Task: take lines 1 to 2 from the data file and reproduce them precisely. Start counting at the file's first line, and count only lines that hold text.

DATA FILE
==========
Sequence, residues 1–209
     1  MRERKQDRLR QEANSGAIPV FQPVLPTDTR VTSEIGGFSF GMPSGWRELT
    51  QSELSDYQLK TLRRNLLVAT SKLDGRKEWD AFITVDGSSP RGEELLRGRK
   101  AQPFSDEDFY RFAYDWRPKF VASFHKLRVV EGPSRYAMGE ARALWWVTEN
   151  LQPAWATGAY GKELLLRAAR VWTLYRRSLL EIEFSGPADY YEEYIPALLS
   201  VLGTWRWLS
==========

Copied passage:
Sequence, residues 1–209
     1  MRERKQDRLR QEANSGAIPV FQPVLPTDTR VTSEIGGFSF GMPSGWRELT